Distributors, dealers and repair garages have grown used to governmental initiatives impacting their business having dealt with emissions reductions for quite some time and will likely continue to do so in the future. Treadway says, “The looming 2014 fuel economy standards are poised to artificially disrupt our standard business cycle once again. We read that existing technologies are sufficient to meet the proposed regulatory standards, but the prior three federal mandates have left us and our customers skeptical about pricing and efficacy.”
To be prepared for whatever the future will bring, Starks encourages everyone in the trucking industry to follow trends. “Pay attention to not only their customers, but to the broader economy and the broader transportation market. And also pay attention to the regulatory environments because that can create some opportunities as well as threats.”
Whatever the future may bring, one thing is certain, according to Ford. “If we continue to do the same things in the future that we are doing today, we will only be as good as we are today. We have to constantly look at making changes and finding ways to improve ourselves.”
Some Numbers To Consider
Here are some recent statistics that help define the state of the trucking industry.
* 269,650 — according to Polk data that is the number of commercial vehicles registered in the U.S. in the first nine months of 2010. That is up 9.6 percent from the same period last year,
* 66 percent — according to Transport Capital Partners that is the percentage of surveyed carriers who expect volumes to increase over the next year.
* 26,005 — according to FTR Associates that is the number of Class 8 orders for all major North American OEMs in November. It represents a 38 percent increase over October numbers and the highest monthly order level since May 2006.
* 524,500 units — according to Polk that is the number of used commercial vehicle registrations in the first nine months of 2010. This historic volume represents 66 percent of the commercial vehicle market and is an increase of 18.7 percent over the same timeframe in 2009.
* 55 percent — according to TCP that is the percentage of surveyed fleets who reported rate increases in the last three months.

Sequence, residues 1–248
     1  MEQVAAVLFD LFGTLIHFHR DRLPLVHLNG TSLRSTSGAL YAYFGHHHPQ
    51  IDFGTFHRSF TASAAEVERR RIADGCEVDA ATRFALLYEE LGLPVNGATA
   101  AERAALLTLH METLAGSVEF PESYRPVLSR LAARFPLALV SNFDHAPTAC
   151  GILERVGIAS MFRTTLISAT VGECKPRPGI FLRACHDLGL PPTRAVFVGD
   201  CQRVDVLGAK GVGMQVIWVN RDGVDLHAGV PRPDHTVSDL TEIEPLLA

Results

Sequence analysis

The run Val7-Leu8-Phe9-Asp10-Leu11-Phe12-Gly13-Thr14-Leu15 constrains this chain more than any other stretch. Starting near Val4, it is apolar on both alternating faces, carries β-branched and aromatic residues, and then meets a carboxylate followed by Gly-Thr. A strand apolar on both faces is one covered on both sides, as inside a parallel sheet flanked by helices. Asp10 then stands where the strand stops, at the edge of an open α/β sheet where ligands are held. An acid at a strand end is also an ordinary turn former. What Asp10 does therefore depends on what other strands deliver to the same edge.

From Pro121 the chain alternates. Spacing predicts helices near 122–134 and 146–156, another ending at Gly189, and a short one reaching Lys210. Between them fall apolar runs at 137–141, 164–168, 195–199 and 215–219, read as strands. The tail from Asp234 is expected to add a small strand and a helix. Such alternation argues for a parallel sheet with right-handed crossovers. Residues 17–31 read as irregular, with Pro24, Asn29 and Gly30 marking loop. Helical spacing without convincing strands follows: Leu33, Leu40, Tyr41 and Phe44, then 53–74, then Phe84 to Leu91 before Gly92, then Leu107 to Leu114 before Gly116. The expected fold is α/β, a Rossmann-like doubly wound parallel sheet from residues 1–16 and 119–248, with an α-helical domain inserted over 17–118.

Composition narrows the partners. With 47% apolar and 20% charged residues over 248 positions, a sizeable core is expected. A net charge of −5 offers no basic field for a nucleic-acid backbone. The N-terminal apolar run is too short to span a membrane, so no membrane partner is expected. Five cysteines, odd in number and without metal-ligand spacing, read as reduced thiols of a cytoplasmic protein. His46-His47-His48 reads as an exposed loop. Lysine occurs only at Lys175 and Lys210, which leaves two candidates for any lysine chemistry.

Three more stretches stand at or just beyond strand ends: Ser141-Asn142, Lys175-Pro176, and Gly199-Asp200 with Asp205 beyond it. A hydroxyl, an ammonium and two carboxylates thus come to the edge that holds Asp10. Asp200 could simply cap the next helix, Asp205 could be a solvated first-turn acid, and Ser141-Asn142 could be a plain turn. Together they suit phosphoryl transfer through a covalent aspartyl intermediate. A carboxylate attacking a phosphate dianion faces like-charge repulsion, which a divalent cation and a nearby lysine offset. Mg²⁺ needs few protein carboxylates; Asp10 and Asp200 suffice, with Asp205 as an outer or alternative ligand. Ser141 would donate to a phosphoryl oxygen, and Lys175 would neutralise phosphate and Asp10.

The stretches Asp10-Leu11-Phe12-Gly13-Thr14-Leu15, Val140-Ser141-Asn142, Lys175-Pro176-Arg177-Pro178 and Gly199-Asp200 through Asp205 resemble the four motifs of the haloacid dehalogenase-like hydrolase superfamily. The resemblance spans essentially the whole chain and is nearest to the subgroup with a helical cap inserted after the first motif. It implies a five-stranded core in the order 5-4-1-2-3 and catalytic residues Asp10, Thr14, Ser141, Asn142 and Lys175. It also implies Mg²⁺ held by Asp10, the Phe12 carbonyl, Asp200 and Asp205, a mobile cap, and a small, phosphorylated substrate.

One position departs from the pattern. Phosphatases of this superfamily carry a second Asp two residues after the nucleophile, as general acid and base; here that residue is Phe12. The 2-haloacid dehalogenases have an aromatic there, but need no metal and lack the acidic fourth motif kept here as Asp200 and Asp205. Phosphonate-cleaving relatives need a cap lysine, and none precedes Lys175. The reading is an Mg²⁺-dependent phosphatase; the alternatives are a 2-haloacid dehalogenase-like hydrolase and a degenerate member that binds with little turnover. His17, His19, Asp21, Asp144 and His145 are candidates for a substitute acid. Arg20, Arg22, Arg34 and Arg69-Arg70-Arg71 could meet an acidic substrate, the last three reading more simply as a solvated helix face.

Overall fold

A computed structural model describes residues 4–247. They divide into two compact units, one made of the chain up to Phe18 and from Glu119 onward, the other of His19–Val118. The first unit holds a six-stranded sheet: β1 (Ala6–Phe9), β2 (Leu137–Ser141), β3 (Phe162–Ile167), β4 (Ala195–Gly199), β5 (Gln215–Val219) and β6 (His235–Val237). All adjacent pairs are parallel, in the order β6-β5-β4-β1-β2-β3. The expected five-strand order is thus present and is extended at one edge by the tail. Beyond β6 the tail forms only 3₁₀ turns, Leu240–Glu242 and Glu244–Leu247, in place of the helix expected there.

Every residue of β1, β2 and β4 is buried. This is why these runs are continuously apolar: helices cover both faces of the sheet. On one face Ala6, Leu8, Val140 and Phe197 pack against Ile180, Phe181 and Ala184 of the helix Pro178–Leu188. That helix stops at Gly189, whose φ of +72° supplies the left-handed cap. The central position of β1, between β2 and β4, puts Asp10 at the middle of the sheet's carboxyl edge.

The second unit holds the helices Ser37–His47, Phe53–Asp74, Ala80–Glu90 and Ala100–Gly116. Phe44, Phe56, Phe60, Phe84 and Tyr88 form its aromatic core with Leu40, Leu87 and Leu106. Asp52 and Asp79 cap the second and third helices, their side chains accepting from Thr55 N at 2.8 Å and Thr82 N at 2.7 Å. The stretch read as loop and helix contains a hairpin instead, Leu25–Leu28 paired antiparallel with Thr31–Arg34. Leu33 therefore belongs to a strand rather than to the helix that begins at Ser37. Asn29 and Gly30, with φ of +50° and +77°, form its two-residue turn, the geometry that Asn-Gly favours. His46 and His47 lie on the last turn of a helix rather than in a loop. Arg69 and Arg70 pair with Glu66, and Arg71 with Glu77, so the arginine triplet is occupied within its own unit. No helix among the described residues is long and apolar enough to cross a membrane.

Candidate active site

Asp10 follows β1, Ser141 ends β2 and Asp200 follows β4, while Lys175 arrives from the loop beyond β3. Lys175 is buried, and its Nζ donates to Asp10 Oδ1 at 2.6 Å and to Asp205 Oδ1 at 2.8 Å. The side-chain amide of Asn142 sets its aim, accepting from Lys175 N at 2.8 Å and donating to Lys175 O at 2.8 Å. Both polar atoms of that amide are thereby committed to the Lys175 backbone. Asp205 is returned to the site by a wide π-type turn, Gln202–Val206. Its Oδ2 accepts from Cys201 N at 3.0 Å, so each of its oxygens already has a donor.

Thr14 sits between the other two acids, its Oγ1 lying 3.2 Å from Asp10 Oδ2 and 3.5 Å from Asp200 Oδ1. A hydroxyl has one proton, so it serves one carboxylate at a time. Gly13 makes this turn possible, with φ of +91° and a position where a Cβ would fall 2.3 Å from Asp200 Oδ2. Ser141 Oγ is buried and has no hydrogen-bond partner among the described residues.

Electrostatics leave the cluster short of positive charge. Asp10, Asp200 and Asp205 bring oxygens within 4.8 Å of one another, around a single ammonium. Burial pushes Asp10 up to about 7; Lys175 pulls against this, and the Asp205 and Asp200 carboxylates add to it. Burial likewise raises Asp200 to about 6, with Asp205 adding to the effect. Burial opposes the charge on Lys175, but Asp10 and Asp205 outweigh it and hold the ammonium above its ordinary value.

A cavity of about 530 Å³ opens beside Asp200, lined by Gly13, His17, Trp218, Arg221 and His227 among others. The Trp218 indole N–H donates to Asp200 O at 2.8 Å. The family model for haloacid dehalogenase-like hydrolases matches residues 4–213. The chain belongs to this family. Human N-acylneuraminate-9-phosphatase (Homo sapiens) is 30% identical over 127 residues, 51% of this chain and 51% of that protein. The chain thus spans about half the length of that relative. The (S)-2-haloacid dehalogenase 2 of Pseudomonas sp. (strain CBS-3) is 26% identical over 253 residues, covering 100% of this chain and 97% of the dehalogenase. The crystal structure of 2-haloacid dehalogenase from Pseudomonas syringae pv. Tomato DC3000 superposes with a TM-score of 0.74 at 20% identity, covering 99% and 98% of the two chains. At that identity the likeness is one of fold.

* 76,125 — according to Polk that is the number of new commercial trailer registrations during the first nine months of 2010. This is a 42.2 percent increase over the same period last year.
* 75 percent — according to TCP that is the percentage of carriers who remain optimistic about the outlook for future rate increases.
A Move To Information Based Relationships?
Bill Wade of Wade & Partners, thinks we are on the verge of a transformation in the parts distribution business. He believes there will be increased importance on partnering with the right people and forming networks.
He cites eight challenges impacting partner selection:
* Consolidation — Consolidation is continuing for both supplies and the rest of the channel, causing partners to choose sides with each other.
* Channel Subspecialties — Distribution channels will continue to splinter into specialties. Brands within maintenance needs will emerge to fill these narrowing categories.
* Brand Acceptance — Has minimal acceptable quality been defined?
* Marketing Groups — Which of these virtual consolidations will concentrate on things that are important to customers?
* Financial Strength — Who has staying power? What about product liability protection?
* Commitment to The Business — Is this business really important in the corporate portfolio and worthy of their continued investment? Is there a record of steady R&D, facilities, service and marketing investments specifically for heavy-duty trucks?
* Partnership Policy — Is there a sufficient level of institutional trust? Is there a contractual basis for working together that will survive personnel changes?
* Marketing Support — Do partners provide adequate resources to create demand and develop business? n